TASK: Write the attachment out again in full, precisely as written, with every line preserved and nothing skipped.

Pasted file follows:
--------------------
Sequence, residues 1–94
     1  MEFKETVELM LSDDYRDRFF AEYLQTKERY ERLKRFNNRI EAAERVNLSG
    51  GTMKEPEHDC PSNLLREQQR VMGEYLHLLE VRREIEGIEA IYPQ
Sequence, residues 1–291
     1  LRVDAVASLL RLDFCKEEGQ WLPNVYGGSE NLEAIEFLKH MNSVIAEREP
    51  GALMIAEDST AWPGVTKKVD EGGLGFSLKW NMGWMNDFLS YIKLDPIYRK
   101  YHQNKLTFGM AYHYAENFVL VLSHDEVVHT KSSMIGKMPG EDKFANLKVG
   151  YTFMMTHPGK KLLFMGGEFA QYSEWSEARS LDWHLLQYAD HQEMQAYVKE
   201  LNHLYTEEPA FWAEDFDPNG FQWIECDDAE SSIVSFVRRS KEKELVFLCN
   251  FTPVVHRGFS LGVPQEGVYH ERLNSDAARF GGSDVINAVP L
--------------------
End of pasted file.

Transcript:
Sequence, residues 1–94
     1  MEFKETVELM LSDDYRDRFF AEYLQTKERY ERLKRFNNRI EAAERVNLSG
    51  GTMKEPEHDC PSNLLREQQR VMGEYLHLLE VRREIEGIEA IYPQ
Sequence, residues 1–291
     1  LRVDAVASLL RLDFCKEEGQ WLPNVYGGSE NLEAIEFLKH MNSVIAEREP
    51  GALMIAEDST AWPGVTKKVD EGGLGFSLKW NMGWMNDFLS YIKLDPIYRK
   101  YHQNKLTFGM AYHYAENFVL VLSHDEVVHT KSSMIGKMPG EDKFANLKVG
   151  YTFMMTHPGK KLLFMGGEFA QYSEWSEARS LDWHLLQYAD HQEMQAYVKE
   201  LNHLYTEEPA FWAEDFDPNG FQWIECDDAE SSIVSFVRRS KEKELVFLCN
   251  FTPVVHRGFS LGVPQEGVYH ERLNSDAARF GGSDVINAVP L